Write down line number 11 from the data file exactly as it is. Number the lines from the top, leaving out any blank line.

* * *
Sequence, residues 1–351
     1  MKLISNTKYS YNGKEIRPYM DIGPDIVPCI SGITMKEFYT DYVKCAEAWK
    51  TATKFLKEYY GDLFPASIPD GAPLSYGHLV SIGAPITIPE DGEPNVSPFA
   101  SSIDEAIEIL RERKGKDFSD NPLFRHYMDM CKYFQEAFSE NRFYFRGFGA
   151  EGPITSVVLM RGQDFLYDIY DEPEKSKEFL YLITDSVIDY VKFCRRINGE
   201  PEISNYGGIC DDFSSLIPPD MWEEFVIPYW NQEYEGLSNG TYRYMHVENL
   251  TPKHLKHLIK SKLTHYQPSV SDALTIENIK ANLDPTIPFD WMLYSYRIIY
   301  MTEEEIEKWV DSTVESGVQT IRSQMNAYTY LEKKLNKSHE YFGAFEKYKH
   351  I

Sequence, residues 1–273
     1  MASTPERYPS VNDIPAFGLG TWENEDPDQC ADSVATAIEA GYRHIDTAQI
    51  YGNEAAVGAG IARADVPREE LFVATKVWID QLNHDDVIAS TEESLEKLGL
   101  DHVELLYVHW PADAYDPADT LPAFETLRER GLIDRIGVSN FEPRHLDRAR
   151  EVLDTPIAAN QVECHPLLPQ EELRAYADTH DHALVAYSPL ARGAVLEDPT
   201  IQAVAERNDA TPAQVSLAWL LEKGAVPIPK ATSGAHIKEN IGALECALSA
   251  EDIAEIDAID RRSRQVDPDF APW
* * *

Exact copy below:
     1  MASTPERYPS VNDIPAFGLG TWENEDPDQC ADSVATAIEA GYRHIDTAQI